The Bosingak Bell
in Jongno Street

bosingak-bell-pavilionThe pavilion of Bosingak Bell


Bosingak Bell is a popular ceremonial Buddhist bronze bell in Seoul.  It is located in Jongno, the administrative and cultural center of Seoul.

The bell was originally cast in 1396 during the reign of King Taejo, founder of the Joseon Dynasty. Every New Year's Eve since 1894, a ceremony has been held when the mayor of Seoul strikes the bell 33 times to signal the start of a new year.

The bell is also known for its connection to the folklore of the Korean folktale, "Heungbu and Nolbu". According to legend, the two brothers fought over their inheritance with Heungbu emerging as the winner. In gratitude, he gave a bell made of bronze to his younger brother which became Bosingak Bell. 

Although the bell has been destroyed and recovered several times due to various historical events, it is still a beloved symbol of Seoul with its dedicated restoration process in the early 20th century.

The bell rests on a stone platform that was designed by Korean architect Kim Swoo-geun. The structure also contains an observatory for tourists to view the city. 

The bell rings 33 times at midnight on New Year's Eve, symbolizing the transitioning of a new year and a new beginning filled with hope and renewed energy.

Visitors gather around Bosingak Belfry to listen to the ringing bells in celebration as fireworks light up the night sky on December 31st. Afterward, visitors may also enjoy a midnight snack and hot drinks at the street vendors that line the nearby alleys. 

The bell is most famously remembered for its importance during the Joseon Dynasty period (1392-1910) when it was used to signal curfew hours. The bells would be rung to signify closing and opening of gates in the city walls.

Nowadays, it remains a popular tourist attraction and symbol of Korean culture. Every time the bell tolls, it is a reminder to take another step forward into the new year with hope and courage in one's heart. 

The observatory at Bosingak Belfry offers a stunning panoramic view of the area, while the surrounding park boasts many quaint cafes and traditional-style restaurants. Visitors can also explore the nearby art galleries and artisan markets to find unique souvenirs to take home.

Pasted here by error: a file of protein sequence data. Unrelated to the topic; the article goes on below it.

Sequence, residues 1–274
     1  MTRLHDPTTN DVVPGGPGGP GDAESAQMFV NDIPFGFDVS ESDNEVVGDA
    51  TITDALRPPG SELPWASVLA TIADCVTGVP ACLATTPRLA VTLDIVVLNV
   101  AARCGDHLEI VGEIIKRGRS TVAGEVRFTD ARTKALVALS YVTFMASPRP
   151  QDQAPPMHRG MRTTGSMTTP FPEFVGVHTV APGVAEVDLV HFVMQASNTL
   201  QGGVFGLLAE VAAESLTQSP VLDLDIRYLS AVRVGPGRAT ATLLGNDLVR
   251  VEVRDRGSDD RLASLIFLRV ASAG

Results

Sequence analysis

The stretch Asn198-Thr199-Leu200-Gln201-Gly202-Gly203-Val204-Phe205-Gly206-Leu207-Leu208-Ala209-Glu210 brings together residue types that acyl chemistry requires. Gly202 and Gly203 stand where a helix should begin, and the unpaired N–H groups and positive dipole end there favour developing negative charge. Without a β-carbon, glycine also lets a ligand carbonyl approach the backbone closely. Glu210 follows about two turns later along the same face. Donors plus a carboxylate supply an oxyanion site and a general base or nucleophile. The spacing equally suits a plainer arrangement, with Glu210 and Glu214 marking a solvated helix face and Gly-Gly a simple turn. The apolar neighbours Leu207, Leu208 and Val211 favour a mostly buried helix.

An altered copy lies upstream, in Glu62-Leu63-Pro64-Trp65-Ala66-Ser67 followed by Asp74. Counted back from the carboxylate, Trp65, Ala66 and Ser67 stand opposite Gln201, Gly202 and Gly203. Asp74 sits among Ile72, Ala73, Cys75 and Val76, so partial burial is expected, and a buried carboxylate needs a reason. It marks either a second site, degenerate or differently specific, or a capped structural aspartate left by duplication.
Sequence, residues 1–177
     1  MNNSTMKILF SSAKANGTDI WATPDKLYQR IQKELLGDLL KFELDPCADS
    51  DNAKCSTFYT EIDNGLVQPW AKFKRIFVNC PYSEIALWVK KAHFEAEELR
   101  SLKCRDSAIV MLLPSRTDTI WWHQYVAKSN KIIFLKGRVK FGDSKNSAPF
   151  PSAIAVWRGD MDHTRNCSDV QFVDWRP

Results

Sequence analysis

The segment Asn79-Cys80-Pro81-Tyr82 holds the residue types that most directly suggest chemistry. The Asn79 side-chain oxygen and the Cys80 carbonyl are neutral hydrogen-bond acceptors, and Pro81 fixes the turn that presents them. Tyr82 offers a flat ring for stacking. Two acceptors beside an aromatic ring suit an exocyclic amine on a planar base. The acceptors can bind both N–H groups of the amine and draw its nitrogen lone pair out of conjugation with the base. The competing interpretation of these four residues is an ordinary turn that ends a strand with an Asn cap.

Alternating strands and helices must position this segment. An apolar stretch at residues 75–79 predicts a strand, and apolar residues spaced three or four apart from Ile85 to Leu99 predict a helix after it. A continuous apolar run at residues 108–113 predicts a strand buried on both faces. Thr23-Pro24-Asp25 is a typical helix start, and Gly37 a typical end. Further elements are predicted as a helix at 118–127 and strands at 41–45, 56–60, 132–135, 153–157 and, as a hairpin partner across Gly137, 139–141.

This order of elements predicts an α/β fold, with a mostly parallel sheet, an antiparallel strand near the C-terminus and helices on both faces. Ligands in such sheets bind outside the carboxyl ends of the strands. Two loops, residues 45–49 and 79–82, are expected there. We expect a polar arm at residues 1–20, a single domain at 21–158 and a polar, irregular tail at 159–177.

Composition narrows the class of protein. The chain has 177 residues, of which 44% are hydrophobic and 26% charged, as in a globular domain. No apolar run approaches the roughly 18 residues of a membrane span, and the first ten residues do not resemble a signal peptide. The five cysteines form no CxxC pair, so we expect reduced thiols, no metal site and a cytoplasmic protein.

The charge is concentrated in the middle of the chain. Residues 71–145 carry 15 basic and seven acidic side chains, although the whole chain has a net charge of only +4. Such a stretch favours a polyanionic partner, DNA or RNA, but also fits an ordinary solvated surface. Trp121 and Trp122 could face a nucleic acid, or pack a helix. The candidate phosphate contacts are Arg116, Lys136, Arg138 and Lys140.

No matter where one is in Seoul, the sound of the bell will ring out loud and clear on New Year's Eve, reminding everyone that a new beginning is just around the corner. People from all over the world come to gather at Bosingak Belfry for a unique and memorable experience to mark the start of a new year. 

No matter how many years pass, the soul-stirring sound of the bell will continue to reverberate through Seoul's streets, giving hope of a brighter tomorrow for all citizens.

This is why Bosingak Belfry has become such an iconic symbol of Seoul, and it continues to be a must-see destination for locals and tourists alike. 

Bosingak Belfry

Bosingak Bell (Bosingak Belfry, Bell Pavilion) is a landmark in Seoul, a symbol, and an attraction in Jongro Road (jongro means "bell road"). Various events are being held in front of the structure, including religious ceremonies, social actions, campaigns, among others.

Bosingak Belfry was initially built in 1396 (5th year of King Taejo's reign) in present-day Insadong, then the heart of Hanyang, the capital of the Joseon Dynasty.

The Bell is not only an old symbol of the ancient capital city. Every New Year, any Seoul mayor and other high-ranking officials presently holding office ring the Bell the announcing the coming of the new year and wishing for prosperity and all other good tidings.

Located in central Seoul, it is straightforward to find and can be just a quick drop from other attractions and sights in the area.

Bosingak Bell was moved to its present location during the reign of King Taejong (1400-1418). This Bell was rung thirty-three times to announce paru, the opening of the city gates at daybreak and twenty-eight times to announce injeong, the closure of the gates in the evening. This bell-ringing was based on the prevailing Buddhist tradition.

The Bell was also used to warn people of emergencies such as fire, enemy attacks, and other emergencies. The bell pavilion has initially been a considerably larger structure.

However, it got destroyed many times and repaired many times over due to wars and fires. It became smaller during the late Joseon Period.

bosingak-bellBosingak Bell Pavilion

It used to be called Jonggoru, Jonggak, or Ingyeongjeon. But it was changed to its current name Bosinggak in 1895 during the reign of King Gojong.

In 1979, the bell pavilion was wholly restored to the large-size structure during King Sejong's reign.

In 1985, the Old Bronze Bell of Bosingak Pavilion (Treasure No. 2) was replaced with a replica, and the original can be seen at the National Museum of Korea in Seoul. 

cheonggyechon-streamCheonggyecheon Stream Park is the closest sight to Bosingak Bell Pavilion where many travelers explore and enjoy with

Getting to Bosingak Bell

By Seoul Subway, take Line 1 and get off at Jonggak Station, then come out from Exit 4. It is only a few minutes on foot from the station.

Nearby Bosingak Belfry, you can quickly visit other sights and attractions, besides shopping at the underground shopping centers.

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I hope you will have a wonderful time in the area. Keep exploring and be safe.

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